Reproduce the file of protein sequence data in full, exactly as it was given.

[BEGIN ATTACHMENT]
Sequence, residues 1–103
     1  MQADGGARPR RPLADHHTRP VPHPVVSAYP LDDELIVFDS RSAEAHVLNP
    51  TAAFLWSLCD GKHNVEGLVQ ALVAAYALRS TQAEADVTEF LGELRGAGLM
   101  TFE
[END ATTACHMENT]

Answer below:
Sequence, residues 1–103
     1  MQADGGARPR RPLADHHTRP VPHPVVSAYP LDDELIVFDS RSAEAHVLNP
    51  TAAFLWSLCD GKHNVEGLVQ ALVAAYALRS TQAEADVTEF LGELRGAGLM
   101  TFE